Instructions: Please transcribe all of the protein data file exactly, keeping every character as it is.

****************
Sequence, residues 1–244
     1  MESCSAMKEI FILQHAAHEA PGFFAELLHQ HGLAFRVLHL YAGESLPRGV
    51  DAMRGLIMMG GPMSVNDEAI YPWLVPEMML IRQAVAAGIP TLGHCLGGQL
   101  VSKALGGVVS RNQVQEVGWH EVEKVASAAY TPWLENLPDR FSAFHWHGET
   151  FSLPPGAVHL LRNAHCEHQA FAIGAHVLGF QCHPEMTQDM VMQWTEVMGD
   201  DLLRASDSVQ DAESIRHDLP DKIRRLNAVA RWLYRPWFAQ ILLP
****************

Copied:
Sequence, residues 1–244
     1  MESCSAMKEI FILQHAAHEA PGFFAELLHQ HGLAFRVLHL YAGESLPRGV
    51  DAMRGLIMMG GPMSVNDEAI YPWLVPEMML IRQAVAAGIP TLGHCLGGQL
   101  VSKALGGVVS RNQVQEVGWH EVEKVASAAY TPWLENLPDR FSAFHWHGET
   151  FSLPPGAVHL LRNAHCEHQA FAIGAHVLGF QCHPEMTQDM VMQWTEVMGD
   201  DLLRASDSVQ DAESIRHDLP DKIRRLNAVA RWLYRPWFAQ ILLP